In step S401, the user creates a database or loads an existing database (for example, 312).
During initial configuration (step S402), a plurality of collectors (for example, 305-310) are configured and set up by a user. The user creates a meta-meta model (or updates an existing meta-meta model) for collecting network device information. As described above, the meta-meta model information is stored in database 312 and network device information is collected based on the stored meta-meta model information, enabling “data driven” inventory collection.
In one embodiment, a wizard like user interface 301 may be used to configure the collectors. The user answers various questions for the wizard, for example, the user selects collection methods, defines collection parameters, and input network device credentials. The user may also inputs basic information for a plurality of networked devices (for example, type of device, name of the device and others).
After the meta-meta model is setup and stored in database 312, in step S403, data collection begins. Inventory engine 302 reads the meta-meta model to determine what type of network protocol should be used to collect data and what information is to be collected. Collector managers 303 may instantiate both entity collectors and attribute collectors for collecting network device information. Entity collectors (for example, AD collector 305 and Win32 collector 306) collect entity information and return that information to collector manager 303. Attribute collectors (for example, SNMP collector 307, WMI collector 308 and SCM collector 309) collect network device attribute information (or level two network device configuration information).
In step S404, collector manager 303 stores the collected information in database 312. The meta-meta model is used to determine how and where collected data should be stored. For example, when collected data is about a physical memory device, the model tells the inventory engine 302 that collected data should be written to a database table called “memory” and memory size should be written in a column labeled “size”.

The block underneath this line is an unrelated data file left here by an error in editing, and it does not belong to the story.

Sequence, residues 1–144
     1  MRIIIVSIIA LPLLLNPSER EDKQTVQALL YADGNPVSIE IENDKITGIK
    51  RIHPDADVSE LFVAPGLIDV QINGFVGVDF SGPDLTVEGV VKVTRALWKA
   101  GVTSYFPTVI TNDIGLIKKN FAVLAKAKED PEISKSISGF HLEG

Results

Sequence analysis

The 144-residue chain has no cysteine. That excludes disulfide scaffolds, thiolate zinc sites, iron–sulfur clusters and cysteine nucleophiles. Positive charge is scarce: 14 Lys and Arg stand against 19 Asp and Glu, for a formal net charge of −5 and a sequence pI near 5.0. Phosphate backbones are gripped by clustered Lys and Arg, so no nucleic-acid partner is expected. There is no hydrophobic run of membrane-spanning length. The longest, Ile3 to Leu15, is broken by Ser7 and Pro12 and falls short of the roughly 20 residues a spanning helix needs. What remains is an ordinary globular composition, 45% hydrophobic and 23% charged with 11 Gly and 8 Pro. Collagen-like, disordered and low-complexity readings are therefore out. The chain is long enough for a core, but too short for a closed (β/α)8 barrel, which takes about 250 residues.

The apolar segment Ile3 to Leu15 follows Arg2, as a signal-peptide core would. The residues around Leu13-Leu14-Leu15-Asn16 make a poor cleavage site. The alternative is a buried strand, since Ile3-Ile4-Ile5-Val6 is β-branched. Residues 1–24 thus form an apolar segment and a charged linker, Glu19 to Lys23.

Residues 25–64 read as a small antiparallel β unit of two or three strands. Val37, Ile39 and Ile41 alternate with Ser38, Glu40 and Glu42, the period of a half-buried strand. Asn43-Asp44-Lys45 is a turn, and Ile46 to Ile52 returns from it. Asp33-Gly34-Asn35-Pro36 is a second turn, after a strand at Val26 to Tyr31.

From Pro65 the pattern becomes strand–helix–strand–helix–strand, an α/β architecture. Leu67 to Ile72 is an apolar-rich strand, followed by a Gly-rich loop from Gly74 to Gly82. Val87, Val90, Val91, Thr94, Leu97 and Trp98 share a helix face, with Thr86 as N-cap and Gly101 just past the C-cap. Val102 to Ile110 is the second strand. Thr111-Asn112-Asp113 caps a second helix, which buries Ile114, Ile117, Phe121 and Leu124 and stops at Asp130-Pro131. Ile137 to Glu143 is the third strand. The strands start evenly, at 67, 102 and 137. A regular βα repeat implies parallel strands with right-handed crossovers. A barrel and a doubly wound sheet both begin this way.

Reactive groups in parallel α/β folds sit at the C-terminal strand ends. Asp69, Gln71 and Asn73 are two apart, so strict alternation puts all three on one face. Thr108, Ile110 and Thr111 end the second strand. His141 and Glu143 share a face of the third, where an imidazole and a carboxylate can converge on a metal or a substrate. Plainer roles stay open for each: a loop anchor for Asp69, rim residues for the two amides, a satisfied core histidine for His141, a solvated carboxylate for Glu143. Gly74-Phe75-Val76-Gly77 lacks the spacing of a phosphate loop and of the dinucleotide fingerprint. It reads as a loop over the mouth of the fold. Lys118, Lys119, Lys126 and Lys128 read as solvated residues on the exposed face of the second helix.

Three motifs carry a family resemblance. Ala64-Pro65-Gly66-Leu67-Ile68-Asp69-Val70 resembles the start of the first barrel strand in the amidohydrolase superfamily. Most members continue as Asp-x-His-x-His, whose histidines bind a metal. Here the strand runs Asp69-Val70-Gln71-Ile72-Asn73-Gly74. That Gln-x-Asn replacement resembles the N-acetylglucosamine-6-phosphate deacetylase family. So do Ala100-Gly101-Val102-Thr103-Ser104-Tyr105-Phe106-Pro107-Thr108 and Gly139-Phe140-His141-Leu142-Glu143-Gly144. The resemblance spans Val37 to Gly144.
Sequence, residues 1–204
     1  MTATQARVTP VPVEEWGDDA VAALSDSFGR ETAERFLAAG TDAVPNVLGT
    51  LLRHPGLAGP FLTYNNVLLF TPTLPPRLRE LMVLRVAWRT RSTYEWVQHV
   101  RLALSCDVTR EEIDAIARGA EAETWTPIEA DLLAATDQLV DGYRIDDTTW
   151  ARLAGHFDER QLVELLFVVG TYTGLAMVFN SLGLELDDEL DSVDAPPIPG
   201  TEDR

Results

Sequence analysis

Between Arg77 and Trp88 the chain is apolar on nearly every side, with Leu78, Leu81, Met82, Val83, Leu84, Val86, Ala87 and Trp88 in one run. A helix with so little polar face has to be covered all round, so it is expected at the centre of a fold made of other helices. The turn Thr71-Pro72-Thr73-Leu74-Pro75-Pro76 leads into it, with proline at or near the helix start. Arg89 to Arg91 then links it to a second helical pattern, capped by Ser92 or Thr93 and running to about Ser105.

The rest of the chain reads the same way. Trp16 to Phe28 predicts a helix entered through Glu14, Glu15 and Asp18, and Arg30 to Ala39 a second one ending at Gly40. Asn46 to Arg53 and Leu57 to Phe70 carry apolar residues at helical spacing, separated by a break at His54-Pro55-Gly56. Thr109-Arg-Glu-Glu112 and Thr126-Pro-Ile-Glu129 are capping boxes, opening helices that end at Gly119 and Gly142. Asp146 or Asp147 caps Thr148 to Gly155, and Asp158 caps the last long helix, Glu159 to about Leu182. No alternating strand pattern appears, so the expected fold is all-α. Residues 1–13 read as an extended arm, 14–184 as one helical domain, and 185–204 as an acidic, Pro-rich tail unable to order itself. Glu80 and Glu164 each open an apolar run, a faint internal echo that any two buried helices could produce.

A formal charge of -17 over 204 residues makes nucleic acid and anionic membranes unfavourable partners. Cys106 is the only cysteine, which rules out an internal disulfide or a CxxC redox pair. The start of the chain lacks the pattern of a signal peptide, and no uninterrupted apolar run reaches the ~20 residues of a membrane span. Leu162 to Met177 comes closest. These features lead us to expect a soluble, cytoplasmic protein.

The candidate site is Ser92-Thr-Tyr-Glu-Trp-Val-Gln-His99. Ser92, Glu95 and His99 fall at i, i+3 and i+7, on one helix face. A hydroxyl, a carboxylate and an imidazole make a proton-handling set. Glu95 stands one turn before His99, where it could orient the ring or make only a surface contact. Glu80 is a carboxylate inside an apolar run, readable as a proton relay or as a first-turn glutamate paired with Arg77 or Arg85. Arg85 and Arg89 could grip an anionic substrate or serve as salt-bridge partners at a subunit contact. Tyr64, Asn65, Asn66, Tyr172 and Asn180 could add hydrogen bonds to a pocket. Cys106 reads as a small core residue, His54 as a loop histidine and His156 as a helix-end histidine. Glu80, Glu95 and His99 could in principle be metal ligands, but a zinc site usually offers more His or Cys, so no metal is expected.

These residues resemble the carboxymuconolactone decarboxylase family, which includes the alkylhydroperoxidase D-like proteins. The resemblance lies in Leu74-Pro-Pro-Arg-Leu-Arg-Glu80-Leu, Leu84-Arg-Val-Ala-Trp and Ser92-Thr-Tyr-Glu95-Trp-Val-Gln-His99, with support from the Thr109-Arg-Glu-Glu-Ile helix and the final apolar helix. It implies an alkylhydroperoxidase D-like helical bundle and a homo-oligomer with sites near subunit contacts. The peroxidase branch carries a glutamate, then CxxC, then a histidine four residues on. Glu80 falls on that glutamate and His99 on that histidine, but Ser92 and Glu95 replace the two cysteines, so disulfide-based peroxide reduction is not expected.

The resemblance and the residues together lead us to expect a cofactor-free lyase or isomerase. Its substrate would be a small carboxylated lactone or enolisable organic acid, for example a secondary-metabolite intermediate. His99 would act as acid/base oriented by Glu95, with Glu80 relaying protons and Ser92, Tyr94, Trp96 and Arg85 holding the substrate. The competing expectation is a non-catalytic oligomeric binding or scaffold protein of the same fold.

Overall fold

In step S405, analysis module 313 analyzes the collected information. As described above, the type of analysis depends on network and user needs. For example, a user may want to know the type of storage that is being used in a network. After the data for various storage devices is collected, analysis module 313 may analyze the collected information and report the information to the user. Reporting module 314 may be used to report the analyzed information to the user.
In one embodiment, the meta-meta model based approach is flexible, because as data collection environment and data collection needs change, one can modify the meta-meta model to accommodate those changes. As new protocols and type of collectors emanate, one may define a meta-meta model for the new collector/protocol at the server end without having to update or install agent code in various target devices.
In another embodiment, the meta-meta model allows one to customize data collection because a user can define what information is to be collected and what network protocol (for example, LDAP, SOAP, SNMP and others) is to be used for data collection.
In yet another embodiment, a meta-meta model is provided that is used by a collector manager module to collect information regarding networked devices based on the information stored within the model itself, i.e. data collection is “data-driven”. The meta-meta model is multi-tiered and stores information regarding a network protocol, entity and attributes regarding the entity. A relationship between the entities is created and maintained within a database.
In another embodiment, multiple collectors using different protocols may be used to collect network device information. The collected data itself is stored in a centralized database. This makes the system scalable because as new protocols emanate, a collector may be defined and configured by creating a meta-meta model and the collected data is integrated within the centralized database.
While the present disclosure is described above with respect to what is currently considered its preferred embodiments, it is to be understood that the disclosure is not limited to that described above. To the contrary, the disclosure is intended to cover various modifications and equivalent arrangements within the spirit and scope of the appended claims.